Demographic Characteristics

A third factor to consider in developing the case conceptualization concerns demographic characteristics of patients, including age, race/ethnicity, and sexual orientation. First, there may be demographic differences in the prevalence, expression, and acceptability of different symptoms of depression. For example, cultural variations in the stigma associated with depression and other mental health problems may be important to consider in conceptualizing a depressed individual's view of him/herself. Furthermore, there may be differences across groups in the presentation of depression symptomatology. For example, although the data are somewhat mixed (Salokangas, Vaahtera, Pacriev, Sohlman, & Lehtinen, 2002), there is some evidence that, in comparison to men, women may more frequently endorse somatic symptoms of depression (Silverstein, 1999). Second, there may be demographic differences in the experiences and stressors that precipitate an episode of depression. For example, discrimination might be more common among older; minority; or gay, lesbian, bisexual, or trans-gender individuals. Discrimination may in turn increase the likelihood of someone experiencing depression and other mental health problems (Kessler, Mickelson, & Williams, 1999). Third, because different developmental and historical events may lead people from different demographic groups to develop different expectancies and beliefs about themselves, their world, and their future, these belief systems need to be incorporated within the conceptualization and treatment plan. For example, an older depressed individual may have internalized age stereotypes into her view of herself (e.g., viewing depression as part of the inevitable decline and decrepitude associated with aging) or may be more likely than younger individuals to believe that depression is a sign of weakness, either of which could keep her from engaging in stimulating and reinforcing activities; such beliefs may need to be addressed before the person is able to make other life changes that would help to reduce his/her depression (Laidlaw, Thompson, & Gallagher-Thompson, 2004).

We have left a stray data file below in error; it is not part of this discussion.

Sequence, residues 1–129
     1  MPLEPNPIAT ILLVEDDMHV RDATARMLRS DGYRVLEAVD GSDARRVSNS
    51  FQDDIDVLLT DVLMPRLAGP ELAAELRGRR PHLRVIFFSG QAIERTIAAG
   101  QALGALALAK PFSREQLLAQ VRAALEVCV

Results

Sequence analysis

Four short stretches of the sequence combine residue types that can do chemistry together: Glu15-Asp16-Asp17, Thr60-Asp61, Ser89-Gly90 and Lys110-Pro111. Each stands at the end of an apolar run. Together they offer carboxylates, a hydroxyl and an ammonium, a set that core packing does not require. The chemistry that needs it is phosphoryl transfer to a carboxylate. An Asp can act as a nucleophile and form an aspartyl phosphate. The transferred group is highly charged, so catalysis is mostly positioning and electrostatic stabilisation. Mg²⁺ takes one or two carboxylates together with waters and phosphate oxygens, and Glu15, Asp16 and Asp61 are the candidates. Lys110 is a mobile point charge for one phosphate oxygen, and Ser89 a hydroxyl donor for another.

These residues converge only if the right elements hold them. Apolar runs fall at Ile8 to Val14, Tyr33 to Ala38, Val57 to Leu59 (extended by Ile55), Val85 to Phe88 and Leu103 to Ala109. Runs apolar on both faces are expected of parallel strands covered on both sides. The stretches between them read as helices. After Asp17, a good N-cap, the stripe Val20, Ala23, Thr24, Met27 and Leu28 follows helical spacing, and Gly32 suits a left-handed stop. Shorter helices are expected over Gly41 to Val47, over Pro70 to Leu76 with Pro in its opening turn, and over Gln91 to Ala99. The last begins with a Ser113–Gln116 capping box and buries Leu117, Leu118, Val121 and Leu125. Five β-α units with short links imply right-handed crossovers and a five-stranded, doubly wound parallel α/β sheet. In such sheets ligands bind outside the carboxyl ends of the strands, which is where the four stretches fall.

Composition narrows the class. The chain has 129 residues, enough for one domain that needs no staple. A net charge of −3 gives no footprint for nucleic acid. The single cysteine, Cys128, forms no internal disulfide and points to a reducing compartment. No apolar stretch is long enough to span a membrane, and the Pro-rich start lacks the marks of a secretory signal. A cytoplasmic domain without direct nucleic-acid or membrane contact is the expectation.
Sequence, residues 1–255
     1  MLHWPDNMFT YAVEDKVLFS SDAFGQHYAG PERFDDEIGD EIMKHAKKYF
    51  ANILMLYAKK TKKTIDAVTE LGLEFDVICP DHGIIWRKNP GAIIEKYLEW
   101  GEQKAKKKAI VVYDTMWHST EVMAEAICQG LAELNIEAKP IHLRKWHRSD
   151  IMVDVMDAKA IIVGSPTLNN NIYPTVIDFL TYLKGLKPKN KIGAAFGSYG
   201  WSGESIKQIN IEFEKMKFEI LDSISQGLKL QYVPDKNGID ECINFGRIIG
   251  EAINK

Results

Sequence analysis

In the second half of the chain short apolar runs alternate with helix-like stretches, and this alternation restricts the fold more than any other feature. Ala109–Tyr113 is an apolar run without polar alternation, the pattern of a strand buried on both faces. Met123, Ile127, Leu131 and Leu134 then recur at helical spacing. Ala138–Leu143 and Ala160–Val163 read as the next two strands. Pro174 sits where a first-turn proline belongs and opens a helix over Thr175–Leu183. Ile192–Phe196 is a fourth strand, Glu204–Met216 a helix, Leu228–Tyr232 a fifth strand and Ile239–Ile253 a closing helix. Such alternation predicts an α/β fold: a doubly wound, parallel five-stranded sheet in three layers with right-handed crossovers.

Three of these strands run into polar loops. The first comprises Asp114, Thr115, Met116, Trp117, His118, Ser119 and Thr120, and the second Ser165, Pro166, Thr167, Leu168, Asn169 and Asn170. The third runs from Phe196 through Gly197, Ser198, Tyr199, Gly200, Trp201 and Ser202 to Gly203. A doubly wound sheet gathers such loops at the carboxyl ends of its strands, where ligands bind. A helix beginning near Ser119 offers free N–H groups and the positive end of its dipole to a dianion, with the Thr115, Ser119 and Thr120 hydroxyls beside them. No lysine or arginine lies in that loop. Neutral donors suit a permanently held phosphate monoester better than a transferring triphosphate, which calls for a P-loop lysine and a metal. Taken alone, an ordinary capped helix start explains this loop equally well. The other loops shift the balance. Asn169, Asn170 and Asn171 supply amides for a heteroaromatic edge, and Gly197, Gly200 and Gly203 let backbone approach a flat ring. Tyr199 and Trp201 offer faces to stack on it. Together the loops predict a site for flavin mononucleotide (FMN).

Exploring EFT

Exploring EFT

EFT stands for Emotional Freedom Technique. It works to free the user of both physical and emotional pain and relieve chronic conditions by healing the physical responses our bodies make after we've been hurt or experienced pain. While some people do not carry the effects of these experiences, others have bodies that hold onto these memories, which affect the way the body works. Because it is a free and fast technique, even if you are not one hundred percent committed to whether it works or not, it is still worth giving it a shot and seeing if there is any improvement.

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